Biosolids Spreading Deadly Prions
Norway confirmed its first cases of mad cow disease in history last week (followed by its first case of chronic wasting disease in reindeer), while Canada confirmed yet another case in Alberta today. It’s the first case to be reported in Canada since 2011. These reported cases are just the tip of a bigger iceberg that is spreading like wildfire through the environment, including our food and water supplies. The prion pathogen is spreading unchecked, while killing mammals around the globe, including humans. Denial and mismanagement are making the epidemic worse every day.
The technical term for prion disease is transmissible spongiform encephalopathy (TSE). The operative word is “transmissible.”
TSEs are known as Alzheimer’s disease, Creutzfeldt-Jakob disease (CJD) and kuru in humans. There is little, if any, difference because prion disease is a spectrum disease that’s only distinguished by the severity of symptoms. Doctors are merely guessing upon each diagnosis. Parkinson’s disease also appears to be on the prion spectrum.
TSEs also are known as mad cow disease in cattle and scrapie in sheep. We also know TSEs as chronic wasting disease in deer, including elk, moose and now reindeer. The disease has been found in many mammals, including dolphins, cats, mink and elephants. It’s likely killing whales and other sea mammals, since all mammals appear to be vulnerable to prion disease.
Dr. Stanley Prusiner, an American neuroscientist from the University of California at San Francisco, earned a Nobel Prize in 1997 for discovering and characterizing deadly prions and prion disease, also known as transmissible spongiform encephalopathy (TSE). He claims that all TSEs are caused by prions.
President Obama awarded Prusiner the National Medal of Science in 2010 to recognize the importance of his research. According to Prusiner, TSEs all are on the same disease spectrum, which is more accurately described as prion (PREE-on) disease Creutzfeldt-Jakob disease is at the extreme end of the spectrum. Prusiner’s science is being ignored and we are facing a public health disaster because of the negligence.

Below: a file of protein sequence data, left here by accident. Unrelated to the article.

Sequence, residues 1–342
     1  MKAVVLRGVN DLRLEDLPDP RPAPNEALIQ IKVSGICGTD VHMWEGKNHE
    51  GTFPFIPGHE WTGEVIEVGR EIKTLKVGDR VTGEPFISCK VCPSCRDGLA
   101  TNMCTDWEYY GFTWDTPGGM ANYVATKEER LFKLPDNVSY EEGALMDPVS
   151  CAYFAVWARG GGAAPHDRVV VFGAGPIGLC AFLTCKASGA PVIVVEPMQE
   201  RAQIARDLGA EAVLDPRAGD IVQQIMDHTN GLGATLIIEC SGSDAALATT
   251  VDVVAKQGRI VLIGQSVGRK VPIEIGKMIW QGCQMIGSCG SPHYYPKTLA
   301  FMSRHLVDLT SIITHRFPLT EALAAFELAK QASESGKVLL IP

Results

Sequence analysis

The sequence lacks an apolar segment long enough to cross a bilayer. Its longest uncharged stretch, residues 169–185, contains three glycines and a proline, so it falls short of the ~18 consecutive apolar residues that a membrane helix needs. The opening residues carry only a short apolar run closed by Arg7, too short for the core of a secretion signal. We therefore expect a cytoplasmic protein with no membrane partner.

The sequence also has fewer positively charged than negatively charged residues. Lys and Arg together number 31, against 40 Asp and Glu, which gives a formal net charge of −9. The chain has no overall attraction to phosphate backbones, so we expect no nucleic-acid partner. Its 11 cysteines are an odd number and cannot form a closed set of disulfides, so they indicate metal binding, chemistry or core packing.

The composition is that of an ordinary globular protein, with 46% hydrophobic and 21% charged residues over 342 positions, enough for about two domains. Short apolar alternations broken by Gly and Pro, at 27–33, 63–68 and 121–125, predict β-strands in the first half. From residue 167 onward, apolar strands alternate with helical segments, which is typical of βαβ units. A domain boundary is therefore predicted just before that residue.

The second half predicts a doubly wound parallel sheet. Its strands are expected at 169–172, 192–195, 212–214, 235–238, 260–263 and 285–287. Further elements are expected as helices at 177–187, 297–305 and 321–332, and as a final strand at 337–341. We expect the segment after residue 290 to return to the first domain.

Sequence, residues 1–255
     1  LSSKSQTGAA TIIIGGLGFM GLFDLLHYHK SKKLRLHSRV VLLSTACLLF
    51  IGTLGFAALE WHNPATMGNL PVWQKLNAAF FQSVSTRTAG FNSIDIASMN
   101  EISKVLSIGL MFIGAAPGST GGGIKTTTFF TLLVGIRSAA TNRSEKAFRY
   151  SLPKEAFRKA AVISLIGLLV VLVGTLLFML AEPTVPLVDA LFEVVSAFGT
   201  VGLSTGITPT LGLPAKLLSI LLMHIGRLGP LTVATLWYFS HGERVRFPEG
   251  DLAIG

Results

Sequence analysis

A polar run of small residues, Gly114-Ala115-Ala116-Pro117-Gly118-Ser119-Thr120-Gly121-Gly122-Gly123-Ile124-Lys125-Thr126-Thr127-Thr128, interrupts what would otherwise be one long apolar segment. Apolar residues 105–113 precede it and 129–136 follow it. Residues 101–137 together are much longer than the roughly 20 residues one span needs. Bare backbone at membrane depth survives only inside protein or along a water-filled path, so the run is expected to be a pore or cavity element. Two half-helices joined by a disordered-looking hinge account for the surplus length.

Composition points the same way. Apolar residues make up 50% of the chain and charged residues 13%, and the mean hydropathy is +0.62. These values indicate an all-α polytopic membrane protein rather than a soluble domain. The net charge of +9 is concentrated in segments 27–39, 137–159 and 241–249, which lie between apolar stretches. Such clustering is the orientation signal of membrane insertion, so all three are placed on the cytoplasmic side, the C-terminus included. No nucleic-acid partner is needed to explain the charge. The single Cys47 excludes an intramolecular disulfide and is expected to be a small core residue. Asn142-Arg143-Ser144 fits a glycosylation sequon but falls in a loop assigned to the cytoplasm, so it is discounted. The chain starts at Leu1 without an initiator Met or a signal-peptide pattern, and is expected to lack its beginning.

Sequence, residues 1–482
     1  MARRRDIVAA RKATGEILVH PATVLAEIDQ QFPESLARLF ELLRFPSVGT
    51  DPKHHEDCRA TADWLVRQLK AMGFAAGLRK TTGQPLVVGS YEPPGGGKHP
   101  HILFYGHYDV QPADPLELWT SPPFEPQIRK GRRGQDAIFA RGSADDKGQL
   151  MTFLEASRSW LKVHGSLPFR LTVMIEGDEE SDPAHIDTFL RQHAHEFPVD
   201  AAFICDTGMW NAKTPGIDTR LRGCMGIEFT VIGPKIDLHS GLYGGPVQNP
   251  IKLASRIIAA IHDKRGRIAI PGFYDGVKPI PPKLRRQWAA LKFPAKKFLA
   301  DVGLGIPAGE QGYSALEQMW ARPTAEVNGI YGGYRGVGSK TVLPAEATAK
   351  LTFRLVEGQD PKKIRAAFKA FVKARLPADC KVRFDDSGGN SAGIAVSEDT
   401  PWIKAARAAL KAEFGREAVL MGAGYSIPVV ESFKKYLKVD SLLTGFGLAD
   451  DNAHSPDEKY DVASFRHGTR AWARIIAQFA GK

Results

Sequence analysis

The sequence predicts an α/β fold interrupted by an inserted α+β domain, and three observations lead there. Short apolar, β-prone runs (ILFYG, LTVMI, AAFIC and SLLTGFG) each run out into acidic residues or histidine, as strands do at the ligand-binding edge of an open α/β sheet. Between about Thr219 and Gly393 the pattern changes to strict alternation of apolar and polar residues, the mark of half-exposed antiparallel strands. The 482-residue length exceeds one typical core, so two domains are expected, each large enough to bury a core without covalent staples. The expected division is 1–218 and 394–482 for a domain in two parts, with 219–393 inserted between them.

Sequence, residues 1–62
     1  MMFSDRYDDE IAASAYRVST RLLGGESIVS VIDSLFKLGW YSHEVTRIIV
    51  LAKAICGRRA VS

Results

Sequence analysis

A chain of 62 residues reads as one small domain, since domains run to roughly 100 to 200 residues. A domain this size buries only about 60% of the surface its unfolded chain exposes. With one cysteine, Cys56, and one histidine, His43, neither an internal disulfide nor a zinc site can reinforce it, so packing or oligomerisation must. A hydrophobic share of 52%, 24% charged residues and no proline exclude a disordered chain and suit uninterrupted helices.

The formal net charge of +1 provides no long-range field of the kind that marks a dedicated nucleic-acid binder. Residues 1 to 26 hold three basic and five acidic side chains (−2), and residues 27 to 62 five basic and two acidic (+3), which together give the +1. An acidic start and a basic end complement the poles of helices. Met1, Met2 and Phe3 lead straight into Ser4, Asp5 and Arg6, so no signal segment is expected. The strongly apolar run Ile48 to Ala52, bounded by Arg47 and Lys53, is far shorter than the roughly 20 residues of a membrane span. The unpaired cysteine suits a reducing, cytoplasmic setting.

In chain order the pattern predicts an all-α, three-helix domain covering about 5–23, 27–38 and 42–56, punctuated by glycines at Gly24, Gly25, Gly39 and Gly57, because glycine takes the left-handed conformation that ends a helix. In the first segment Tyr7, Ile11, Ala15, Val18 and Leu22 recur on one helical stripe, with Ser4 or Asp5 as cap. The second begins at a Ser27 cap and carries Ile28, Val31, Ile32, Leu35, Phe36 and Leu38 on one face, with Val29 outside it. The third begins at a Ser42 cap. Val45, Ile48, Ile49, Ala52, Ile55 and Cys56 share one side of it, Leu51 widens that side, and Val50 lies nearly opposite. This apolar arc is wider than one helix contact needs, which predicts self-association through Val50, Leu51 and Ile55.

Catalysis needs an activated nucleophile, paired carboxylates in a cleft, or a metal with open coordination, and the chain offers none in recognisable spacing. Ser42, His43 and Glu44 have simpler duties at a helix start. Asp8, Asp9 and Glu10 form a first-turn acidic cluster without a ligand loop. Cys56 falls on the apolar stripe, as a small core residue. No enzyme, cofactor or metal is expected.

People and animals dying of prion disease contaminate the environment around them because prions are in the urine, feces, blood, mucus and saliva of each victim. Not only are homes and hospitals exposed to the prion pathogen, so are entire sewage treatment systems and their by-products. Each victim becomes an incubator and a distributor of the Pandora-like pathogen. The human prion is resistant to both heat and chemicals. It’s reported that prions released from people are up to a hundred thousand times more difficult to deactivate than prions from most animals. Sewage from hospitals, nursing homes, slaughterhouses, morgues, mortuaries, veterinarians and other high-risk places enters the same sewage system. Wastewater treatment plants can’t detect or neutralize deadly prions.
“There has been a resurgence of this sort of thinking, because there is now real evidence of the potential transmissibility of Alzheimer’s,” says Thomas Wiesniewski M.D. a prion and Alzheimer’s researcher at New York University School of Medicine. “In fact, this ability to transmit an abnormal conformation is probably a universal property of amyloid-forming proteins (prions).”
A new study published in the journal Nature renews concern about the transmissibility of Alzheimer’s disease between people. A second study by the same scientist in early 2016 adds to the stack of evidence. Wastewater treatment plants are collecting points for prions from infected humans. The sewage treatment process can’t stop prions from migrating, mutating and multiplying before being discharged into the environment where they can kill again.